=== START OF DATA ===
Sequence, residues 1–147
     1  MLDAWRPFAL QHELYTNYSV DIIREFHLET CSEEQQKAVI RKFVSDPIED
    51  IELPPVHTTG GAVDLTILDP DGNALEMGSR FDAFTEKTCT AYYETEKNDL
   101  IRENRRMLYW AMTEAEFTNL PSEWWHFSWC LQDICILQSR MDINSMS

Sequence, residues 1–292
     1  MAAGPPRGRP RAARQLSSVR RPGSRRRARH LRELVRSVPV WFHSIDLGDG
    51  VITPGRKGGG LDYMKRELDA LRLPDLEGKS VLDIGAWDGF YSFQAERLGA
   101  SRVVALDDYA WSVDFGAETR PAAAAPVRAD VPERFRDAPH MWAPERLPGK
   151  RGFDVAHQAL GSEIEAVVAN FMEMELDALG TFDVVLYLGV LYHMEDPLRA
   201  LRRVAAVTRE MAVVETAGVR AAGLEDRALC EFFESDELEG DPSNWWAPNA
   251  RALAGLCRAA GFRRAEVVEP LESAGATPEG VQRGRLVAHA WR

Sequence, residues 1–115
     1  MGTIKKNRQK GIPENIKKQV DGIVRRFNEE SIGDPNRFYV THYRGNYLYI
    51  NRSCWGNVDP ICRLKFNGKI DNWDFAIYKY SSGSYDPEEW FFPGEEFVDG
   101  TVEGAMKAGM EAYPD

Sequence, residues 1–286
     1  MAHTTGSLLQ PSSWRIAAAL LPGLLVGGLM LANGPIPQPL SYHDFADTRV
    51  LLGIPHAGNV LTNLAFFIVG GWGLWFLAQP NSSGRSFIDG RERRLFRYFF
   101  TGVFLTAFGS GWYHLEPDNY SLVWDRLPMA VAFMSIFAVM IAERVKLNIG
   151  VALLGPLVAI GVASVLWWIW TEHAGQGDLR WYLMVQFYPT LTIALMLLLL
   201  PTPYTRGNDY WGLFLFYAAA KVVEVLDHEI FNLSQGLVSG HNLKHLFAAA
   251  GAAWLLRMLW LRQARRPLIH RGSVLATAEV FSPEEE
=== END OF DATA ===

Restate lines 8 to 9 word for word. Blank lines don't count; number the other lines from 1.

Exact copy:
   101  SRVVALDDYA WSVDFGAETR PAAAAPVRAD VPERFRDAPH MWAPERLPGK
   151  RGFDVAHQAL GSEIEAVVAN FMEMELDALG TFDVVLYLGV LYHMEDPLRA